Beachcombing on Ancient Shores

  • Pet-Friendly (keep dogs on leash at all times)
  • Free!
  • Terrain: Not challenging

This is the first of a series I will be doing this summer on fun activities for geeky kids and their parents. While some of what I will highlight will be specific to our area of Southern Ohio, you can readily find similar things local to you with a little google searching. Or you could travel here.

fossil hunting

Caesar Creek Recreation Area

The first thing we decided to do was to go beachcombing. You read that right – looking for seashells in Ohio, a landlocked state. Ohio is also one of the best places in the US to find fossils! During the Ordovician Period Ohio was covered with a warm, shallow sea, and the remnants of that time are now easily found locked in soft stone at the surface of the land. My First Reader tells me that when he was a child he could easily sit in the creek and pick up interesting fossils, but many years of hunting have thinned them out.


Seashore fossils, looking a lot like modern beachcombers would expect.

We went to the Caesar Creek Recreation area, got a free permit from the Visitor’s Center there, and followed the rules of collecting. You cannot use tools to dig, break large rocks up, and may only carry away stones the size of the palm of your hand. We went a little further, telling the kids they could only collect a few nice ones, to leave the rest for other visitors to enjoy. Respect for the area and others is the keyword of the day whenever you are collecting. In my case, we took pictures to save memories without damaging the land.

Things to bring:

  • Sunscreen
  • A wide-brimmed hat (we didn’t have them, but it would have been nice)
  • water bottle
  • Camera
  • Hiking boots (the loose rocks are hard to navigate at times)

If you see a theme there, it’s because there was no shade and it was a hot, sunny day like so many are during an Ohio summer. Be prepared!

fossil hunting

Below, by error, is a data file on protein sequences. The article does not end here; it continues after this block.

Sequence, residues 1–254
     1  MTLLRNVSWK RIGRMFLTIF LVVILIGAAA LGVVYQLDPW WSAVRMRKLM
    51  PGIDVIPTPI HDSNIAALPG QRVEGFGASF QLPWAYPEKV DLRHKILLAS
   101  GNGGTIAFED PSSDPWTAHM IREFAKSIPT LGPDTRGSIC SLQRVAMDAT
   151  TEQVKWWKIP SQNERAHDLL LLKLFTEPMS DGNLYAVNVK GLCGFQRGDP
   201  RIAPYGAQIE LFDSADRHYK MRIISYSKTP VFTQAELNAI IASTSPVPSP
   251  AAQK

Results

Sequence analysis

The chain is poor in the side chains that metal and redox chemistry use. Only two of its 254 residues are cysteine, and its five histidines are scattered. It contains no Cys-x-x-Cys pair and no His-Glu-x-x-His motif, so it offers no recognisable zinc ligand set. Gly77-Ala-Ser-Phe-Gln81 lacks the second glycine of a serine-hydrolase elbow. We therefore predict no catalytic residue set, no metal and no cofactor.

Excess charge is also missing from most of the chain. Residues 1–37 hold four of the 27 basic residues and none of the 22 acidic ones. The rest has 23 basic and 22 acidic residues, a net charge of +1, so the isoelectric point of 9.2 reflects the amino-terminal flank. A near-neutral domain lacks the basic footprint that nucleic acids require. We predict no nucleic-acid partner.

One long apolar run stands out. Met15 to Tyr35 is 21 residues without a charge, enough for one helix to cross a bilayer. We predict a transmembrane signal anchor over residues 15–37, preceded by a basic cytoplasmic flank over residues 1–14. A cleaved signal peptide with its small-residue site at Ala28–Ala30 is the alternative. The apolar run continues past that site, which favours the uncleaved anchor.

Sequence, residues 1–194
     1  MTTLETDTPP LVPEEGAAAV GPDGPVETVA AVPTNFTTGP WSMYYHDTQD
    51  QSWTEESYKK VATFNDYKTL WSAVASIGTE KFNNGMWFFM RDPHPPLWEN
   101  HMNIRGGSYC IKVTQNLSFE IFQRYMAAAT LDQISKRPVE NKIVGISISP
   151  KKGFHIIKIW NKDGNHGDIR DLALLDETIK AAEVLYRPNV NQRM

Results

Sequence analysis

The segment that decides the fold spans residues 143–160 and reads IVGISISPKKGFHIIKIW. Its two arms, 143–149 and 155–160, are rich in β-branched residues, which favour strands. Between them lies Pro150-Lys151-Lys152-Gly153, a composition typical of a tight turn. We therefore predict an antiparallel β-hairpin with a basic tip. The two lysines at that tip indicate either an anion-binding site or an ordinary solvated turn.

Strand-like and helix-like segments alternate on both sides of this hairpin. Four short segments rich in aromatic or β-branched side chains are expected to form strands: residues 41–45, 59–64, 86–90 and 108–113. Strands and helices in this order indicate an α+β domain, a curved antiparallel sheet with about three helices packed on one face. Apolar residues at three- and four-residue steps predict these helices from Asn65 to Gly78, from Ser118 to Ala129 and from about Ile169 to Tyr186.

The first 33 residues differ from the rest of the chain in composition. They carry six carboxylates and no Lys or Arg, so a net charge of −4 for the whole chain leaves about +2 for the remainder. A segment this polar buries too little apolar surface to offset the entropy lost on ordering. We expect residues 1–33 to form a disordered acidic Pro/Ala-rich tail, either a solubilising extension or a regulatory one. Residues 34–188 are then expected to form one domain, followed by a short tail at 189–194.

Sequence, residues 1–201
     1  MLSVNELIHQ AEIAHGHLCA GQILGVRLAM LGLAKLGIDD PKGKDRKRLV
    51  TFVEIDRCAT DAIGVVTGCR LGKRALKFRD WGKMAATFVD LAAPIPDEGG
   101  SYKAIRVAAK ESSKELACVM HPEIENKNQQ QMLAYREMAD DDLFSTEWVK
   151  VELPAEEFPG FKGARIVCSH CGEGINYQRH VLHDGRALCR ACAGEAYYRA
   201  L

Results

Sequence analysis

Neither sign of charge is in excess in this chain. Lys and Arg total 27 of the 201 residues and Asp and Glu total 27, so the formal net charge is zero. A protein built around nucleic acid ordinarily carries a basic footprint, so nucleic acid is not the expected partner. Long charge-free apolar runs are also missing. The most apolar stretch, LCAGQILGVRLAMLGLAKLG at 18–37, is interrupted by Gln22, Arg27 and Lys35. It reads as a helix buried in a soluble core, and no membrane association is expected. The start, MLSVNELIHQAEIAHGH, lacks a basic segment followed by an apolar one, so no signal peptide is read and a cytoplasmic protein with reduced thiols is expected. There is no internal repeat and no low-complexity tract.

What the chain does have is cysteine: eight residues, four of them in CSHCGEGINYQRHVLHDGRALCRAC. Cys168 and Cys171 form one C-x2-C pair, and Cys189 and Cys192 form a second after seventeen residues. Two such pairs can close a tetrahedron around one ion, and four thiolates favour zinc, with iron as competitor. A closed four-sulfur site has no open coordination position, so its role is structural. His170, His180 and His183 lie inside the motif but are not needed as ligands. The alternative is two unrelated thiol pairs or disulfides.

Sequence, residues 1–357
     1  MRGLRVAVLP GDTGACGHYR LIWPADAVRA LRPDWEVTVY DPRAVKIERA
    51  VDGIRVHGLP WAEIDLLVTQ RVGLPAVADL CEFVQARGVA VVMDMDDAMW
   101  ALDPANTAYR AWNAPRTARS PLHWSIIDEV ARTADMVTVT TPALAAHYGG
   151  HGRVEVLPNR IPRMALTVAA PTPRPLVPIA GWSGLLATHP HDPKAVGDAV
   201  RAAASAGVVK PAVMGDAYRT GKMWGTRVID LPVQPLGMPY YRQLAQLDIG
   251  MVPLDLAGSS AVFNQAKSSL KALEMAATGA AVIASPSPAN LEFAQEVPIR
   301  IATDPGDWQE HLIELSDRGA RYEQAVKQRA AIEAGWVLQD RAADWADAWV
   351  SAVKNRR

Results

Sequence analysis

Don’t climb up on the wall, it’s loose and dangerous.

Things to talk about:

  • Look at how similar the seashells are to what we would expect to find on a beach today. Gastropods, brachiopods, and molluscs haven’t changed much.
  • Keep an eye out for trilobites in rolled position. If you can, find a pillbug at home (they like cool, moist earth under rocks and logs) and talk about the similarities between the fossils and the living creatures. We didn’t find a trilobite on this trip but will keep looking.
  • They aren’t shark teeth! My kids were all excited about finding ‘teeth’ and the Little Man wanted to find a skull in the worst way, but you won’t find one here. The ‘teeth’ are horn corals.
  • Paleontology is hard, hot, dirty work. The geeky kid will have a special appreciation for those amazing bones in the museum after this experience digging up his own.

I highly recommend hitting your friendly local library before you do this expedition for a book on fossil identification. It’s a lot of fun to figure out just what you found when you get your treasures home.

brachiopod fossil

A perfect little brachiopod shell


More seashells!

Horn Coral Fossil

Horn Coral, which I have to admit really looks like a tooth.

About Cedar Sanderson

Writer, mother, reader, gardener, cook… artist.

10 comments on “Beachcombing on Ancient Shores

  1. Cedar if you are any where close Hocking Hills is a wonderful place to hike in southcenteral Oh.

    Liked by 1 person

  2. Reblogged this on Rockhounding in the southwest and commented:
    Perhaps this wouldn’t be exactly called rock-collecting in the desert southwest, but this post provides much needed information about the ethics of fossil collecting, in addition to providing an good explanation of how to “beachcomb” for fossils. GREAT BLOG!

    Liked by 1 person

  3. Very interesting and full of humor! LOVED your post.

    Liked by 1 person

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